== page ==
This profile was last updated in 2009
The Islamic Society of Boston (ISB) was organized in 1981 as a loose association of Muslim student organizations at Harvard University, Boston University, Massachusetts Institute of Technology, Northeastern University, Wentworth Institute, Suffolk University, and Tufts University. As the number of Muslims in the Boston area grew, the ISB eventually became a separate organization, serving Muslims in the Cambridge area, according to Salma Kazmi, assistant director of the ISB. “That life cycle is very typical of a lot of organizations in the U.S., because of the immigration here, often because of people coming for school and deciding to stay,” Kazmi said. “But now, the Muslim Student Associations in the universities are pretty vibrant in their own right, so there’s no real overlap. But, you will find that because we’re in Cambridge, people, as they outgrow their student communities, will find a place here.”
Serving a Diverse Population
Besides serving as a space for the five daily prayers, the ISB provides a variety of services to a diverse Muslim community. The ISB offers classes throughout the week for both English and Arabic speakers. According to Kazmi, classes are organized by topic or population. There is a “new Muslim” class for converts to the faith as well as more advanced classes in Qur’anic exegesis, hadith study and Qur’ranic recitation. There are also ESL classes for non-native English speakers and Arabic classes for those who do not speak Arabic. The variety of classes indicates the variety of subgroups the ISB serves. “One of the things that’s unique about this mosque is that there are different activities offered for very different types of people,” Kazmi said. “Some of the people don’t even overlap in their lives, other than they use the same facility. So like, college students live in their college-student world, but they’ll be at the ISB for something. You know, we have like a ‘mommies group,’ which is this like, ‘Muslim, second-generation American’ type of group. And then you have the converts group. And then we have this big immigrant population and then you have like, you know, these old Arab ladies that are parents of students that are here. So it’s very interesting, the mix of people, but often, like I said, they sometimes don’t even overlap cause they kinda do their own thing.”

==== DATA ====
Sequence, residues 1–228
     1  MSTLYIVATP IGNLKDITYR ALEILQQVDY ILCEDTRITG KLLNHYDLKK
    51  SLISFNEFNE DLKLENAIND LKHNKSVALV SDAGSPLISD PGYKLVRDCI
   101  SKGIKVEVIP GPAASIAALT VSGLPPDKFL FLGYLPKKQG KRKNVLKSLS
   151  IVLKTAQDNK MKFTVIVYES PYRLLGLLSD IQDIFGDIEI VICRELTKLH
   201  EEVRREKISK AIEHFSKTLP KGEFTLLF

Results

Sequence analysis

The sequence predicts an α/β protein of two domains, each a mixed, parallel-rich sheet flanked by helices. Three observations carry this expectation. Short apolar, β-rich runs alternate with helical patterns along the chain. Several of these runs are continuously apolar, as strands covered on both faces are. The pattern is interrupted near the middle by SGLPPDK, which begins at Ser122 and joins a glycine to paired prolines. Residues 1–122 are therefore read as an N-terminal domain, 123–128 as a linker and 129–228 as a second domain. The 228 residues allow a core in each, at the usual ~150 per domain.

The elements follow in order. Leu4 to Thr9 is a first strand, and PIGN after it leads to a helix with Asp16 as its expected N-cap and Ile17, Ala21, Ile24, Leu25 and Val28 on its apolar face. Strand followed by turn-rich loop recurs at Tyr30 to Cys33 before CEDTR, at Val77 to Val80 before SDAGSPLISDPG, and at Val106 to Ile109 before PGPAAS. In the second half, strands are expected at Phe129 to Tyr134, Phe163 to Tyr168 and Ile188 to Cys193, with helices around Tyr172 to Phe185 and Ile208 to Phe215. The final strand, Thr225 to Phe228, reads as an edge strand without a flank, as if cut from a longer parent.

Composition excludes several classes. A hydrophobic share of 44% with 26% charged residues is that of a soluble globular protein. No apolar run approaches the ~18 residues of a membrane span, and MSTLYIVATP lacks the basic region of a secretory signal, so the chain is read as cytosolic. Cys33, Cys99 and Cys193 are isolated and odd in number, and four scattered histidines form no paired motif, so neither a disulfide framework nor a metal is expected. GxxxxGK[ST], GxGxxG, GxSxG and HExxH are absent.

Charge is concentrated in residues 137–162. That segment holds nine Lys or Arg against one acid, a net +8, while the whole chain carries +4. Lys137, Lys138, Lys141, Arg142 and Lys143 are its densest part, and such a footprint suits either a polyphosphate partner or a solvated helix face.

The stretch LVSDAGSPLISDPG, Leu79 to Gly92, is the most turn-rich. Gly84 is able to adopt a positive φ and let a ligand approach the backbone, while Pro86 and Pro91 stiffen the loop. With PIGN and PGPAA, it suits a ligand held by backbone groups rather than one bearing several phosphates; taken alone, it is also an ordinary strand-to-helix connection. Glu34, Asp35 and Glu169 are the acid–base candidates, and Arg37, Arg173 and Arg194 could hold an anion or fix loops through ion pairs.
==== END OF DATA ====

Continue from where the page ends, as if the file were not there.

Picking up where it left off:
The ISB website provides an online hub for communications within the community, with an online announcement and message board, as well as bulletin boards for people to post ads for everything from employment to housing to items for sale. Kazmi also said there is some talk of taking the mosque’s marriage arrangement service to the internet, with an online questionnaire to aid the imam in pairing up potential couples. Kazmi said the extensive use of an online community is practically mandated by the well-educated, professional community that the mosque serves. “We have to [have an extensive website]; we’re next to MIT and Harvard!” she said. One of the Five Pillars of Islam is zakat, or almsgiving, and the ISB also undertakes a variety of relief efforts, which Kazmi said have been more local and community-based since Sept. 11, 2001, before which time many of the relief efforts were international in scope. The ISB provides loans and emergency assistance to members in the community in need, as well as other services like providing support to a family who has lost a parent. Members can even pay their zakats online through the ISB website.
Community Development and Interfaith Dialogue
The ISB is active in interfaith work in the community and in educating the public about Islam. ISB has an ongoing relationship with Temple Beth Shalom, also in Cambridge, and hosts monthly Jewish-Muslim dialogues in conjunction with that organization. Kazmi said previous topics of dialogue have included the role of women, dietary laws, and comparative text study between the Torah and the Qur’an on stories common to both faiths. In addition, the ISB had an outreach director after Sept. 11, 2001, who worked to build relationships with government agencies, schools, and nonprofits, as well as area churches and synagogues. As a result of the outreach director’s efforts, Kazmi said the ISB has been called into some of the work the ACLU is doing in relation to civil rights after Sept. 11. The ISB also co-sponsored a dialogue project on race and ethnicity in Boston (more information available at http://www.bostondialogues.org/.) and was also a recipient of a grant from the National Conference for Community and Justice (NCCJ) to do civil rights and civics training for the Muslim community in Boston. “So we’re trying to do leadership [and] community development work as well, and try[ing] to be a little bit more aware of and involved in the broader issues in the community,” Kazmi said.